President Carter's Pay Advisory Committee agreed in principle yesterday to recommend that the administration scrap its 7 percent wage guideline in favor of new standards that would permit pay raises of 7 1/2 to 9 1/2 percent a year.

The proposal, which must be refined before being submitted to the White House for consideration, was regarded as relatively stringent, considering that inflation is running at 13 percent a year.

However, officials cautioned that would depend on what criteria the pay board works out to decide which kinds of settlements must come in at the low end of the range and which may end up higher.

The group earlier had been expected to recommend an upper limit of 10 percent, but there had been word that might meet resistance from the administration. Yesterday's plan was endorsed by both labor and business representatives.

Meanwhile, separately, a top administration economic official estimated yesterday that the economy may have grown at a moderate 2 to 3 percent annual rate last quarter instead of sliding into recession, as earlier had been thought.

Yesterday's agreement marked a major accomplishment for the tripartite panel. The committee will meet Jan. 22 to consider details of how the plan would work. The pay standard is the last of the basic decisions the panel must make.

Adherence to the wage guidelines is strictly voluntary for American workers. Although the administration has the power to deny federal contracts to errant unions, it never had done so. Several locals have violated the standards.

The pay committee also agreed tentatively yesterday to tighten the way it accounts for cost-of-living allowances. It would compute them in the future as if inflation were running at 7 1/2 percent rather than 6 percent as now.That would make them count for more in computing the total cost of a wage settlement.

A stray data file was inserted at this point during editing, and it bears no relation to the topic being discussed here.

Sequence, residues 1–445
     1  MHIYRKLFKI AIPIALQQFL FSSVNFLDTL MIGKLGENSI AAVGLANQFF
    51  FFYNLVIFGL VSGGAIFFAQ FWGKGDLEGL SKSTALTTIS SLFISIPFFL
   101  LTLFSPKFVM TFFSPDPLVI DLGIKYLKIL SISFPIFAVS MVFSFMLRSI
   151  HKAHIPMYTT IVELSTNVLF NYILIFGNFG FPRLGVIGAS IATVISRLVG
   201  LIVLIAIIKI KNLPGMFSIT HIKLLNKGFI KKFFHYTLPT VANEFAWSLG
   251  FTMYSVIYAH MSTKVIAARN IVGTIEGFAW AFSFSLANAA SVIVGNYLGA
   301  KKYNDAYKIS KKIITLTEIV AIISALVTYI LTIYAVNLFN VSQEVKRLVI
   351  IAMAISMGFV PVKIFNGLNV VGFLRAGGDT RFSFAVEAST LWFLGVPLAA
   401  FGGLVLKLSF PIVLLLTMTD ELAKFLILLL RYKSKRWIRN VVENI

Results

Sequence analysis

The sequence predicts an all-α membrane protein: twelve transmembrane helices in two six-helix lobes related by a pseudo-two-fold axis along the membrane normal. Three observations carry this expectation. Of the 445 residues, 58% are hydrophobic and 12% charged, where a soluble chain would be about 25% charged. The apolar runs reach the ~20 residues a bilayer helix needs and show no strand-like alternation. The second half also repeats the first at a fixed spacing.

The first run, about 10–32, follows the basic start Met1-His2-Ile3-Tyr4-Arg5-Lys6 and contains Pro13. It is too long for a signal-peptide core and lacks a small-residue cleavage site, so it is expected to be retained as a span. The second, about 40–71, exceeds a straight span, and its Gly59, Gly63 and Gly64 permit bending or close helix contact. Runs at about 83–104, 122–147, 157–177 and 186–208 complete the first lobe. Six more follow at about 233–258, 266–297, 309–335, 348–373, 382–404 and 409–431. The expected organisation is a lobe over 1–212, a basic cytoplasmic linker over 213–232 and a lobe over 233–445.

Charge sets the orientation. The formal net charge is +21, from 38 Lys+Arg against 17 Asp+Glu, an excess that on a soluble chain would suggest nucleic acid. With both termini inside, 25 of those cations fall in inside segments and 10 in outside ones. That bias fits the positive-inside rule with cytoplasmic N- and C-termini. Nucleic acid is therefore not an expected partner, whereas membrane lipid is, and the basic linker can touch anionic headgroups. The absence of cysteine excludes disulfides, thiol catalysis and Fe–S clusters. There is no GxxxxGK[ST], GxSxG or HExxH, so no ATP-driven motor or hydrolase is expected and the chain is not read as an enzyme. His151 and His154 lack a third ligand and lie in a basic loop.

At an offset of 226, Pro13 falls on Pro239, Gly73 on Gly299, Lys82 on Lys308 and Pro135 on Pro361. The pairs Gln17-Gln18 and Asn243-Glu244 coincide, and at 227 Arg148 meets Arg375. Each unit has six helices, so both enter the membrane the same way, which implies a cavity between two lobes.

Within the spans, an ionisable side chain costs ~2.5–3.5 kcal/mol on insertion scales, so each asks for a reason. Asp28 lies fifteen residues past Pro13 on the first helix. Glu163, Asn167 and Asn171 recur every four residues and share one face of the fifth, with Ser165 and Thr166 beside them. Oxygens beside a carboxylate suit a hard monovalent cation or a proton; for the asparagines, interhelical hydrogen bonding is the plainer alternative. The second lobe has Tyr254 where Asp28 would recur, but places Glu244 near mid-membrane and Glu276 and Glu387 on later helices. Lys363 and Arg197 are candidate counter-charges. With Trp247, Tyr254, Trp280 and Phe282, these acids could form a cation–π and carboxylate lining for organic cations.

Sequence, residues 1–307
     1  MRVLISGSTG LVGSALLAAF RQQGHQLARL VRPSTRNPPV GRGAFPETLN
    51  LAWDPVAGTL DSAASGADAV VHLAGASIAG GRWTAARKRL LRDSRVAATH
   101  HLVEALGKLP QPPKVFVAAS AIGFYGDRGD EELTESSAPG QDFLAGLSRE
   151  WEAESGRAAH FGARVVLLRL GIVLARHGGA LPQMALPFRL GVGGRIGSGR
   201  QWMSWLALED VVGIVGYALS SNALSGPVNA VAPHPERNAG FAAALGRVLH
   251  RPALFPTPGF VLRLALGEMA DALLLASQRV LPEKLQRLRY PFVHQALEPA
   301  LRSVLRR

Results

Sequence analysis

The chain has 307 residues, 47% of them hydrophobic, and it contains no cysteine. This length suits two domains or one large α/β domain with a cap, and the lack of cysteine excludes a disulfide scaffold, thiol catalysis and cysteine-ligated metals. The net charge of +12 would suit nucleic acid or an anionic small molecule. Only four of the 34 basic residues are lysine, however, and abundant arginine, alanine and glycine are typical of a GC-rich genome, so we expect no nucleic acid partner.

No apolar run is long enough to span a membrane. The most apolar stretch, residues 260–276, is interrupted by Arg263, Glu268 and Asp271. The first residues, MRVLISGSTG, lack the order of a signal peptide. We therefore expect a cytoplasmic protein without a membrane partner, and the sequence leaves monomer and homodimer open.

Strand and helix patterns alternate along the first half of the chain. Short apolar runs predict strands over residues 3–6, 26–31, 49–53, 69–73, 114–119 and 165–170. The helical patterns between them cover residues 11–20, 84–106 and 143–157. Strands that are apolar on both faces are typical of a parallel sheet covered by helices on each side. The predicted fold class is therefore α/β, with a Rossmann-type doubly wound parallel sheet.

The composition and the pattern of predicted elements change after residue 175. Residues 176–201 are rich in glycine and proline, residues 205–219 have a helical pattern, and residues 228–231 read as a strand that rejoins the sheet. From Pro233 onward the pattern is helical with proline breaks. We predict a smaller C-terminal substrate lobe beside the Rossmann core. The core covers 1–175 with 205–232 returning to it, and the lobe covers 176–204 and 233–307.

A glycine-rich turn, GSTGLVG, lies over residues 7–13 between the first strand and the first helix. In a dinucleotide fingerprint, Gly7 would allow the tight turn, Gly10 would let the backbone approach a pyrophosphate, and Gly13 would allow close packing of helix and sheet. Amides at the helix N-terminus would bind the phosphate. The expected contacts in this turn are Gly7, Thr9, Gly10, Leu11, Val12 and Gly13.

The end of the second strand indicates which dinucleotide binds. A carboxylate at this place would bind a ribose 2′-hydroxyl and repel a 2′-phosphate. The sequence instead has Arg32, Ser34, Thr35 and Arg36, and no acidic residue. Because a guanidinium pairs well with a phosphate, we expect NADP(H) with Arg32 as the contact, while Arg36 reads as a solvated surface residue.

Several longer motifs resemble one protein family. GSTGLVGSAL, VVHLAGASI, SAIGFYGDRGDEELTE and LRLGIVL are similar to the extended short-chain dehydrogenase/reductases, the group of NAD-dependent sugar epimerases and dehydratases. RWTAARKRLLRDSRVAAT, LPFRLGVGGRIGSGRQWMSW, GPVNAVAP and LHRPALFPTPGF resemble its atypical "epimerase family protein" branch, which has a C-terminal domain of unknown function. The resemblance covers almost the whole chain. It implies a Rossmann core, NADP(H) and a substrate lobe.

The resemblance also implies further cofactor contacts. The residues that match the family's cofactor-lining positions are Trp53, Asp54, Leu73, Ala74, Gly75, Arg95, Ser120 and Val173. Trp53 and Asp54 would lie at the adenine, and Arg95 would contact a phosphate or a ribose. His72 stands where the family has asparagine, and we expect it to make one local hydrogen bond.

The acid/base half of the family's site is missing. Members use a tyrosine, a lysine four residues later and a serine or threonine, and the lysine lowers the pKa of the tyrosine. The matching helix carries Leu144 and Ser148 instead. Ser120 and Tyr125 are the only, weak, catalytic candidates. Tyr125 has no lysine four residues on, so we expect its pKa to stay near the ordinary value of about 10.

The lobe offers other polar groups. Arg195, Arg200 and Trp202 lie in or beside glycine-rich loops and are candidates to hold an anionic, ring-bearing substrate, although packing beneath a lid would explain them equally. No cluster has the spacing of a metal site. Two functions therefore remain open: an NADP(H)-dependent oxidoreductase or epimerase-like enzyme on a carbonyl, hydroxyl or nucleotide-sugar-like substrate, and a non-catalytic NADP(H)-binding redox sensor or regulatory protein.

The panel also agreed to study the feasibility of developing separate guidelines to apply to pension programs, which often are too complex to calculate as part of a wage package. Firms and unions would be able to choose which method to use.

The agreement was worked out among the various sides by John T. Dunlop, former Ford administration labor secretary, who serves as chairman of the panel, in a series of private bargaining sessions.

Dunlop noted yesterday that, symbolically at least, the proposal would recognize the "midpoint" of the new pay range as 8 1/2 percent, a simpler way of expressing the new standard than using the double set of figures.

However, Lane Kirkland, president of the AFL-CIO, head of the panel's labor delegation, said the 8 1/2 percent figure would serve only as a way of evaluating the program, not as a guideline.

The panel also agreed to draw up criteria for deciding when a pay settlement may exceed the 9 1/2 percent upper limit. The committee would make exceptions for broad categories of pay contracts.

The current wage guideline is 7 percent, with an extra 1 percent boost allowed for contracts that do not call for automatic cost-of-living increases. However, escape clauses allow some pay settlement as high as 12 percent.

Current pay guidelines also do not count the cost of higher pension payments to retired workers or of extra pension benefits needed to comply with new government regulations.

The committee is expected to complete work on the pay standard at its Jan. 22 meeting, and formally recommend the plan to the Council on Wage and Price Stability, which over-sees the guidelines program.

Although the council technically does not have to agree to the panel's recommendations, it would be hard pressed to reject them categorically. The guidelines program could well fold if the pay committee broke up in disarray.

Dunlop told reporters yesterday that the various components of the new proposal -- not only the general pay standard, but other changes the panel has suggested -- "are all highly interdependent" and cannot be separated. p

The tripartite committee, comprising 18 representatives from labor, business and the public, was set up in October at the request of organized labor as part of a "national accord" between labor and the administration.

Carter is looking to the symbolic agreement to keep labor in his camp during the 1980 campaign. So far, top union leaders generally have not strayed, although there is no telling how long this will last.

Robert R. Russell, director of the Council on Wage and Price Stability, declined on the new proposal yesterday until the panel agrees on the criteria to decide where settlements fall in the 7 1/2-to-9 1/2 percent range.